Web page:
18 August 2013

Of fishermen and spies

It is illuminating to watch President Obama switch tack as he deals with political head-winds after the revelations from Ed Snowden. At least he admits that there is a problem.
What we now know is that the capability exists to drag-net all communications. This does not mean that everyone is being monitored; it just means that anyone can be monitored, any time. US law – and, as of this week, NZ law – permit the gathering of whole haystacks of data by the intelligence community so that the needle that may (or may not) be hidden therein can be located.
Once such capabilities exist, they can't be undone; and, if it can be done, it will be done, if not by us and our allies, then by our enemies (whoever they may be). The question now is how legally to frame and constrain such capabilities – even though their operational details are to be kept secret. An agency that has grown out of a military background, focussed on foreign signals intelligence, being used now also for domestic policing, with data-capture capacity never dreamed of in the past, is not an ideal agency when it comes to striking a balance between security and liberty/privacy. This is especially concerning given that the GCSB does not have the operational independence from the Executive that the Police have. And the Bill seems to be silent on what scope of unlawful activities its newly legalised capabilities are intended for. Could the GCSB be used, for instance, to assist the Police in the detection of offences against the Fisheries Act? (As I understand it, a sworn police officer also has the powers of a fisheries officer.)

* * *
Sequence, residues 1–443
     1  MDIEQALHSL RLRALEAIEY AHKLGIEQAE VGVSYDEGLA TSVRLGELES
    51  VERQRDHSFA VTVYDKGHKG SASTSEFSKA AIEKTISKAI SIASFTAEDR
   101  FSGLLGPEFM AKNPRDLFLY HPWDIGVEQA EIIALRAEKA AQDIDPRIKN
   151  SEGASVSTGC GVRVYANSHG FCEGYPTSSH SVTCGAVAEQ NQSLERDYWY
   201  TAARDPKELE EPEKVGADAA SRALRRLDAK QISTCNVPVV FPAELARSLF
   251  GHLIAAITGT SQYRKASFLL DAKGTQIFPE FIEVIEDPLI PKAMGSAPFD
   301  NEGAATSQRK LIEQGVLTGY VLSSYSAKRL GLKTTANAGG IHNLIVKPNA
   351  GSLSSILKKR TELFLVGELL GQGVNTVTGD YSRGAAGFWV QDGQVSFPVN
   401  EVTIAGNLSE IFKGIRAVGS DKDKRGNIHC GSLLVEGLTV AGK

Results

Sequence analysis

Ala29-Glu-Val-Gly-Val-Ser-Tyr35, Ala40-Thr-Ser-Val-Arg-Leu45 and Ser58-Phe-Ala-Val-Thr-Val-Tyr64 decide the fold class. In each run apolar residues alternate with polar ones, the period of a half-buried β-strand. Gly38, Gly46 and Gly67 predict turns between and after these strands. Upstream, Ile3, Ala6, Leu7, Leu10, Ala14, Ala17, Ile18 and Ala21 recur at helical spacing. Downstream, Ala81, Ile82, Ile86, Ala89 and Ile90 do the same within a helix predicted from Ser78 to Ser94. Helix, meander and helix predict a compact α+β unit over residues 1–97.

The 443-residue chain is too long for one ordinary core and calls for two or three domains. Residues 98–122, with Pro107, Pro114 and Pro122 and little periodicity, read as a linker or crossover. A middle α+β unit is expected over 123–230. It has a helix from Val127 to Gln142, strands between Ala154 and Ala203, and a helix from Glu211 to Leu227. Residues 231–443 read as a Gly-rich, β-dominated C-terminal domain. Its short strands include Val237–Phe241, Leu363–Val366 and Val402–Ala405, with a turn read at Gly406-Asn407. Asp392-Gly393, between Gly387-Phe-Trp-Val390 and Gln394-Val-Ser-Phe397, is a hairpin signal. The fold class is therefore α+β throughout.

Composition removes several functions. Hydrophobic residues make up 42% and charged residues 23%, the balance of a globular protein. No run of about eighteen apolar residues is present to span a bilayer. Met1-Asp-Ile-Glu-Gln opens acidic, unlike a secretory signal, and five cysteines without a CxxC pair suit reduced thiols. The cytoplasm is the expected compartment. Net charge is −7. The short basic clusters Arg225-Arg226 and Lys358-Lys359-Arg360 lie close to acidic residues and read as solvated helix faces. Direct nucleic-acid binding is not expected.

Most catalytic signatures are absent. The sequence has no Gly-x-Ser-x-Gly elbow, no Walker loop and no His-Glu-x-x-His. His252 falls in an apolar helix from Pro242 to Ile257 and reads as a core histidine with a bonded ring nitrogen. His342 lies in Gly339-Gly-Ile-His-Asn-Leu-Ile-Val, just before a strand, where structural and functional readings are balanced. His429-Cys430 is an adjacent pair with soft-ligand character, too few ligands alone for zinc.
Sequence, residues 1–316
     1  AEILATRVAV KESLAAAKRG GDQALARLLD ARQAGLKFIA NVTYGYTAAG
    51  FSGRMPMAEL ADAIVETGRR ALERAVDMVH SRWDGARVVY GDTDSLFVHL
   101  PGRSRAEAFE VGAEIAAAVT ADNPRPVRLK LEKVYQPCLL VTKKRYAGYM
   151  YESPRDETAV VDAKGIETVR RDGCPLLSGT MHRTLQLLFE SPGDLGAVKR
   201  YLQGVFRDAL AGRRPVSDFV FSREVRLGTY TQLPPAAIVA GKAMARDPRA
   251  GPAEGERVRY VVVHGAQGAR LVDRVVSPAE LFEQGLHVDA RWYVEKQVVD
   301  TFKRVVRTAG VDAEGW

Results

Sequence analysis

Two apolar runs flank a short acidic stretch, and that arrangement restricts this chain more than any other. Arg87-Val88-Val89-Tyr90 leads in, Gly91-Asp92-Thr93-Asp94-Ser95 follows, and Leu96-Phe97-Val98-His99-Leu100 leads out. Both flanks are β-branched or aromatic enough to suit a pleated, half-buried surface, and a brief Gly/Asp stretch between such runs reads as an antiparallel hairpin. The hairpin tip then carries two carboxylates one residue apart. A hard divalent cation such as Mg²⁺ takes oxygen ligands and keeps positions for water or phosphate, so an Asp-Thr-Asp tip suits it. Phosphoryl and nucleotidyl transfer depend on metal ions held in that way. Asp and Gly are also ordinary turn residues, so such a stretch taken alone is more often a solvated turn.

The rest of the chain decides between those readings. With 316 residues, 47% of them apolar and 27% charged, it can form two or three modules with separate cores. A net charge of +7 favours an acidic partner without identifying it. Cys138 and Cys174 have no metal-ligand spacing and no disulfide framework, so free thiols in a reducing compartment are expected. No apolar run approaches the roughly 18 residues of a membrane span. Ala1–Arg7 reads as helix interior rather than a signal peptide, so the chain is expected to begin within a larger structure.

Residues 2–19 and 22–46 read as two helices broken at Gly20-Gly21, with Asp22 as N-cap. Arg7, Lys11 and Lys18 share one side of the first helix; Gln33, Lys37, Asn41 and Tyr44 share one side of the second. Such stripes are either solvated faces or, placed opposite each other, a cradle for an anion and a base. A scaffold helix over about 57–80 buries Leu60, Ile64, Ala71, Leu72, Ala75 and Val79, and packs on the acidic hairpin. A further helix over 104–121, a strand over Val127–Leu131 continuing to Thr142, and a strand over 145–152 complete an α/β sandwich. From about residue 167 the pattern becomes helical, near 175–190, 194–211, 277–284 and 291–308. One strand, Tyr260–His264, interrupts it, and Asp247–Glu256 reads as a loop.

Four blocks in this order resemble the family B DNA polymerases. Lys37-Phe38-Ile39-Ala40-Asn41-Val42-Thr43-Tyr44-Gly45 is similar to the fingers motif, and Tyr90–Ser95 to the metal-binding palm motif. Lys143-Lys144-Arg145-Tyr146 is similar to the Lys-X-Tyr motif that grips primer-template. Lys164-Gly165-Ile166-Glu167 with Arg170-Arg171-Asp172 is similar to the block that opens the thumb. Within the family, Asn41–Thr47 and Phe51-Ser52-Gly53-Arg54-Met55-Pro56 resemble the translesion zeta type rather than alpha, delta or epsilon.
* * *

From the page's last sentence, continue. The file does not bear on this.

Our Prime Minister has shown a lack of concern about the politics of this business, reasoning that those most worked up about the GCSB Bill are not those who would vote National anyway, and that those who do vote National profess a lack of concern.
Mr Key argues that what really matters to New Zealanders is the Snapper 1 fishery. In that case, there are probably unsustainable and allegedly illegal fishing activities occurring among both the recreational and commercial fishers, but there is insufficient surveillance of their activities to detect them and to fully estimate total catch-levels. In the case of recreational fishing, there is not even sufficient data on the actual tonnage landed annually. The answer, then, is greater surveillance, ironically. Perhaps when the calls, text-messages and locations of recreational fishermen start to be collected and analysed, then the complacency of those who are presently 'relaxed' about the GCSB might end.


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